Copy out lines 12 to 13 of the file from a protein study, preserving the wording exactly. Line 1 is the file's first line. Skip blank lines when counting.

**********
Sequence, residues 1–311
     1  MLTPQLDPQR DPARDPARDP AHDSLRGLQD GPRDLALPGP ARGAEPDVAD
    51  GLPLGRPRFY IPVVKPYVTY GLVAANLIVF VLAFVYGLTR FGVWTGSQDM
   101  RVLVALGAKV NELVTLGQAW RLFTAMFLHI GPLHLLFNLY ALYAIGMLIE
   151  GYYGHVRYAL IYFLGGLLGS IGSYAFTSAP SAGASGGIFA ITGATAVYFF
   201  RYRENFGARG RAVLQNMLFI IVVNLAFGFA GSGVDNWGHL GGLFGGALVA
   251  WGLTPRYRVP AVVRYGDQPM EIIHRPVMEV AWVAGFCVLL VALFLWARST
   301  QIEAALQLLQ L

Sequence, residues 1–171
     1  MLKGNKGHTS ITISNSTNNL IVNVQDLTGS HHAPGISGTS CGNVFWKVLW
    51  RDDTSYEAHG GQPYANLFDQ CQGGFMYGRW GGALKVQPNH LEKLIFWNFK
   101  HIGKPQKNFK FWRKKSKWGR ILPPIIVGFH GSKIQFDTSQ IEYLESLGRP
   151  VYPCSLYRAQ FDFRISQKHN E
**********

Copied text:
   101  HIGKPQKNFK FWRKKSKWGR ILPPIIVGFH GSKIQFDTSQ IEYLESLGRP
   151  VYPCSLYRAQ FDFRISQKHN E